The Cancer Justice Network has been on hold since the advent of the Covid 19 pandemic. Our regular work of visiting people with a high risk for chronic disease at North Church, Over the Rhine Senior Center, Christ Church Cathedral, Booth Retirement Community, St. Vincent de Paul, the Bobbie Sterne Health Center, Crossroad Health Center has stopped. Navigation has been defined as being in the community, working face to face with people who are low income, homeless, minorities, people with disabilities, and seniors. The requirements of the State of Ohio to stay home, to avoid meetings of 10 people, and to close congregant meeting places, has removed the essential trust building ingredient of the relationships with our “friends.” Added to this radical change, is the total focus of the hospitals and health centers on testing and treating the Covid virus. Navigating people to cancer exams, dental visits, and vision exams is no longer possible according to these rules.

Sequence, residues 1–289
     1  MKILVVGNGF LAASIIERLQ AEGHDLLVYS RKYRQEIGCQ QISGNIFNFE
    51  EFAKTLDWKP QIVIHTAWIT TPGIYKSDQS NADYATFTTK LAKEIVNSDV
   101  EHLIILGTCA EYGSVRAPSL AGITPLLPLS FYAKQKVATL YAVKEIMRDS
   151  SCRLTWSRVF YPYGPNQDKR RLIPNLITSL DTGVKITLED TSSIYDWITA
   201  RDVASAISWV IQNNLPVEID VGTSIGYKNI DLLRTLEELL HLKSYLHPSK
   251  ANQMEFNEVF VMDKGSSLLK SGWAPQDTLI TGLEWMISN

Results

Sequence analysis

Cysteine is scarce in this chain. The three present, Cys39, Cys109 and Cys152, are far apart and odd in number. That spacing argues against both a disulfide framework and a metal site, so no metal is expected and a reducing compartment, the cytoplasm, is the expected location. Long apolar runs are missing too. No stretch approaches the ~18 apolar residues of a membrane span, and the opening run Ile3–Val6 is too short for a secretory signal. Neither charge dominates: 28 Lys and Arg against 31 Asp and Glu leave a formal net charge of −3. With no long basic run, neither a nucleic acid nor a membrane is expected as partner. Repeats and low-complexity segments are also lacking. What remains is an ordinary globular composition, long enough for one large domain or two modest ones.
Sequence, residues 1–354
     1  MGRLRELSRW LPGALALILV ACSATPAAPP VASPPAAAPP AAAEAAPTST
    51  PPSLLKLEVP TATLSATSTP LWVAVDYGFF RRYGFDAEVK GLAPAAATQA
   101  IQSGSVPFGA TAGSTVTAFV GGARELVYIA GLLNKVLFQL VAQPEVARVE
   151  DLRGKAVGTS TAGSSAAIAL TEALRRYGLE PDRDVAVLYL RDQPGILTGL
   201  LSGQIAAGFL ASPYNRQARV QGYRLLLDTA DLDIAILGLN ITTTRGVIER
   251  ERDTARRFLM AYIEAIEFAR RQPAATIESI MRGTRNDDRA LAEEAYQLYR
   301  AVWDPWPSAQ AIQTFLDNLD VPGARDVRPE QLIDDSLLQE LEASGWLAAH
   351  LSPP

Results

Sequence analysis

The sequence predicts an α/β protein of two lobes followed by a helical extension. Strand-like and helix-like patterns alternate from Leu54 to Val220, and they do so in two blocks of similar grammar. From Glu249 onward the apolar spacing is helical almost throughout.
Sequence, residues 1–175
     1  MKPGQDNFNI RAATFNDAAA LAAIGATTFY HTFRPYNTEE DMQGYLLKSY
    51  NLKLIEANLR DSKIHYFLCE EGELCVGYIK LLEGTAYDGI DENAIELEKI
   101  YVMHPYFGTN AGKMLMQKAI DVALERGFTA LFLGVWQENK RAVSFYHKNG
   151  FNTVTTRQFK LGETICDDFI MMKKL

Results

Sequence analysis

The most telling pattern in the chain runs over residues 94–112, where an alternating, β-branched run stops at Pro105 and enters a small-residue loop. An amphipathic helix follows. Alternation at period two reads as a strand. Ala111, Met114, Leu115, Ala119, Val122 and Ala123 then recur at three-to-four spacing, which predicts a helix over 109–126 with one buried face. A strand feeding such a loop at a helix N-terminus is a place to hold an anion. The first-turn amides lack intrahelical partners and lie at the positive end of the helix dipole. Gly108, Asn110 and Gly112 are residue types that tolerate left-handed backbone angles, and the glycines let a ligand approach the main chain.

“Even in the worst of times, such habits sustain, protect and in the most unlikely way, lift us up. I cannot think of a more compelling reason to foster the creative habit.”—Twyla Tharp and M. Reiter(2006). The Creative Habit: Learn it and use it for life. Simon & Schuster.
“I’ve often been down in the dumps, but never desperate. I look upon our life in hiding as an interesting adventure, full of danger and romance, and every privation as an amusing addition to my diary. I’ve made up my mind to live a different life from other girls, and not to become an ordinary housewife later on. What I’m experiencing here is a good beginning to an interesting life, and that’s the reason—the only reason—why I have to laugh at the humorous side of the most dangerous moments.”
NAVIGATING THE CANCER JUSTICE NETWORK: NAVIGATORS AS PPE
Ten months Matthew came into our world. He looked very small having arrived three month early. Thanks to the caring of many people, parents, friends, doctors, nurses, and colleagues he is, today, a fat little guy with big smiles. He is also crawling. Nothing normal about this reality: compassion was woven together by so many people as they saw in this little person a chance for life.